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Fake videos bring a new era of fake news

Read time 5min 00sec

This year will see a new level of malicious posts on social media, as hoax or fake videos herald a new low in fake news.

This was the word from Sylvia Papadopoulos, senior lecturer in the Department of Mercantile Law at the University of Pretoria, discussing online safety and security, at a Human Rights Day commemoration held by the Netherlands embassy in Johannesburg yesterday.

Papadopoulos pointed out that cyber bullying has taken a perilous turn that now presents itself in the latest trend of engineered fake videos.

"Fake videos are not only creating a new era of fake news, they are also a relatively new method of cyber bullying.

"Deepfake, an artificial intelligence (AI)-based technology, is used to create a combination of existing and sourced videos, resulting in a movie or a video that depicts a person or people performing actions that never occurred in reality.

"These videos can be created, for example, to show a person performing sexual acts they never took part in, putting words into a person's mouth, or showing them doing gestures that are out character."

Deepfakes are not lip-syncing videos that are obvious spoofs; the technology uses facial mapping and AI to produce footage that appears so near genuine that it becomes difficult to differentiate them from the real video clip.

Papadopoulos referenced the array of celebrity videos that have gone viral on social networking sites, showcasing sexually-explicit hoax content. Other videos depict politicians performing unreal sensational acts.

In September, a group of US lawmakers wrote a letter to national intelligence director, Dan Coats, asking his office to assess how Deepfakes could threaten US national security.

"By blurring the line between fact and fiction, Deepfake technology could undermine public trust in recorded images and videos as objective depictions of reality," they wrote.

Papadopoulos continued: "This is a very serious and very challenging form of cyber bullying, where the perpetrator is motivated by a phenomenon called 'online disinhibition' which is the lack of restraint they feel when communicating online in comparison to communicating in-person. They feel a sense of anonymity, but of course we know there is no such thing as anonymous online."

UK-based innovation foundation Nesta forecasts 2019 will be the year malicious Deepfake videos spark a geopolitical incident.

"We predict that within the next 12 months, the world will see the release of highly authentic-looking malicious fake videos, which could cause substantial damage to diplomatic relations between countries," says Nesta.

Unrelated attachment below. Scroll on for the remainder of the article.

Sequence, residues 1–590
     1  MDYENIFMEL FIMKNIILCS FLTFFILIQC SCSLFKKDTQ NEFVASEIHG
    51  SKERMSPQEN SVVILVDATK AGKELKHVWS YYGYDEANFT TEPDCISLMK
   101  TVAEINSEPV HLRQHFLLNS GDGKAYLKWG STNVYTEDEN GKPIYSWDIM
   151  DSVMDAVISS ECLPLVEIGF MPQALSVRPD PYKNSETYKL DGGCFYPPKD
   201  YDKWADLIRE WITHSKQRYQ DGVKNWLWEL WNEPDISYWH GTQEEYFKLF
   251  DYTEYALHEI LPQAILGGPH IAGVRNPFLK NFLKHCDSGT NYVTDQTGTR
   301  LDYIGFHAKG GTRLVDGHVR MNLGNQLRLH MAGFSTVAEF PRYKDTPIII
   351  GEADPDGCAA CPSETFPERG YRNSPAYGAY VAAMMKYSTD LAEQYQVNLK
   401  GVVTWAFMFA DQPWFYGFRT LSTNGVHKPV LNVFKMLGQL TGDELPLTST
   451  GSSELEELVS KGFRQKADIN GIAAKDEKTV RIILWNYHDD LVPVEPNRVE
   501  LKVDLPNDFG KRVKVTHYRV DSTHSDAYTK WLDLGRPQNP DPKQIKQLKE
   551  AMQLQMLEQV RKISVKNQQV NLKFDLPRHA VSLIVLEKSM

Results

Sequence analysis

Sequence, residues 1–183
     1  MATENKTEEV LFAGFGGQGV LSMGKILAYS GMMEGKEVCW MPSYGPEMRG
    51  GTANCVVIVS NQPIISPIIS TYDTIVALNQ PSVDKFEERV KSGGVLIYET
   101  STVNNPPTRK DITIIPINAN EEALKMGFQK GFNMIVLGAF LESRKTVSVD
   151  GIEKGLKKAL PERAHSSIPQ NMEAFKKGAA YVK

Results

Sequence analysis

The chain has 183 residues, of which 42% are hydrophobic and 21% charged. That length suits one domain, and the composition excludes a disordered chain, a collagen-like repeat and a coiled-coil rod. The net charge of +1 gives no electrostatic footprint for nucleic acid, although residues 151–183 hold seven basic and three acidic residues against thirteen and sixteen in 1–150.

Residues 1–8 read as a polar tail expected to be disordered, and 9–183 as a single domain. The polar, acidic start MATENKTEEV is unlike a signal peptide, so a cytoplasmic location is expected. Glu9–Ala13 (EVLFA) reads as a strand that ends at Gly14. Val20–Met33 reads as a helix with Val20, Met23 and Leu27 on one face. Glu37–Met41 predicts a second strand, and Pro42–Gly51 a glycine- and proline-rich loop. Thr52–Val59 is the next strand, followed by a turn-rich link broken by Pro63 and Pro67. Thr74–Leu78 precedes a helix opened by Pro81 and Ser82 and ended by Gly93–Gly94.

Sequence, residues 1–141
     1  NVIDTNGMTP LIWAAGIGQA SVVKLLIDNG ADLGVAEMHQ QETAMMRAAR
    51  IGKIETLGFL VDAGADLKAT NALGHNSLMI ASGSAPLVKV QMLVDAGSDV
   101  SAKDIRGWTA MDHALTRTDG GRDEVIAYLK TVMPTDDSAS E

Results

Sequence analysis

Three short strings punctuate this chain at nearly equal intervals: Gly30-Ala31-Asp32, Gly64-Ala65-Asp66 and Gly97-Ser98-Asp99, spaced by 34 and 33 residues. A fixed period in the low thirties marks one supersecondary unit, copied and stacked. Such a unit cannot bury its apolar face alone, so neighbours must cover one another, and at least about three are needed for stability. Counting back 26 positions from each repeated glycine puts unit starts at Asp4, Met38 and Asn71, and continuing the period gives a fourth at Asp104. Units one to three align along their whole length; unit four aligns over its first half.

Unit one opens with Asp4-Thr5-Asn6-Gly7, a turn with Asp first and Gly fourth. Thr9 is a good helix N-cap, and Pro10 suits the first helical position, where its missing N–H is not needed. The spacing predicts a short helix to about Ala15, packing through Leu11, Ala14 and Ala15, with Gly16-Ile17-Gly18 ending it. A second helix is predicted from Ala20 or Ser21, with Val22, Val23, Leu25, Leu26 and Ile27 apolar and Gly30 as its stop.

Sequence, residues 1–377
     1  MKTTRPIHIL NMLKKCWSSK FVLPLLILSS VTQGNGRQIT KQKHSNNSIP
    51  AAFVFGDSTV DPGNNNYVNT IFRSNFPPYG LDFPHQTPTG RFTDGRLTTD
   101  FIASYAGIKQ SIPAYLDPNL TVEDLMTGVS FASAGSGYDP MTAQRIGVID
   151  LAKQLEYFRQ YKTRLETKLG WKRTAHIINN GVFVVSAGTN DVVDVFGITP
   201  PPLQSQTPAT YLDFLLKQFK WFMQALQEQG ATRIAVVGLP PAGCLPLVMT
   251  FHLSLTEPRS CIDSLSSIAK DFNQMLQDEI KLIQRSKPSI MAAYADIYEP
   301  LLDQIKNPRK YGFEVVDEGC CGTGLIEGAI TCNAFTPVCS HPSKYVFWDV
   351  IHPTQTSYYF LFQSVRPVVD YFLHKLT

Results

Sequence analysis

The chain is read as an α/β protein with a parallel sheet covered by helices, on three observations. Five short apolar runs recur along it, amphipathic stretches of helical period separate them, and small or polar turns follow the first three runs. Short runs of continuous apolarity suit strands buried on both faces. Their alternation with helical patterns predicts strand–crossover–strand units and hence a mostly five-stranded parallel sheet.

Discussing other forms of cyber bullying, Papadopoulos highlighted the scourge of trolling, the deliberate act of provoking a response through the use of insults or bad language online; cyber stalking by making real threats to someone's physical wellbeing or safety; and cyber harassment, a constant and intentional form of bullying, comprising abusive or threatening messages sent to a person.

Other acts of cyber bullying involve the unlawful distribution of genuine images without the consent of the subject, and online child pornography, where images of children involved in sexual activities are showcased or traded on the Internet.

Unfortunately, female Internet users, she added, are often subjected to more degrading, humiliating and often life-destructive behaviour than their male counterparts.

"While anyone can be a victim, studies indicate cyber bullying disproportionately affects women, with female victims exhibiting a similar range of mental health issues that are comparable to those of rape victims."

What the law says

While SA is applauded for having some of the most progressive policies regarding human rights and gender equality, we still have some way to go, as the current legal remedies are not without fault, asserted Papadopoulos.

"Litigation can become a very costly and lengthy affair in SA. By the time a resolution comes, the victim's reputation may have suffered irreparable harm."

With the intention of curbing some of these online crimes and regulating online content, government has drafted two new Bills: the Cyber Crimes Bill, previously known as the Cyber Crimes and Cyber Security Bill, and the Films and Publications Amendment Bill, which are inching closer to finalisation.

"Under both of these laws, non-consensual dissemination of Internet images, videos and any personal information is a criminal offence and the perpetrator could serve three years or more behind bars or face hefty fines, or both, when found guilty."

One option for victims is to sue for damages because publishing images and degrading content is often a defamation of character, she noted.

"Another option is to open a case of crimen injuria, which would involve reporting the incident to the police. Essentially, the accused should be criminally prosecuted for violating a victim's dignity."

She also pointed to the Protection from Harassment Act, which provides victims of all forms of harassment with a way to protect their rights.

"This Act introduces procedures that help the courts and the police to protect the rights of victims of harassment and allows them to apply for a protection order against any perpetrator."

Once implemented, the Protection of Personal Information Act will ensure a person or company that fails to safely secure, safely process or illegally distributes personal information can be held liable for a fine of up to R10 million, or face up to 10 years imprisonment, she concluded.

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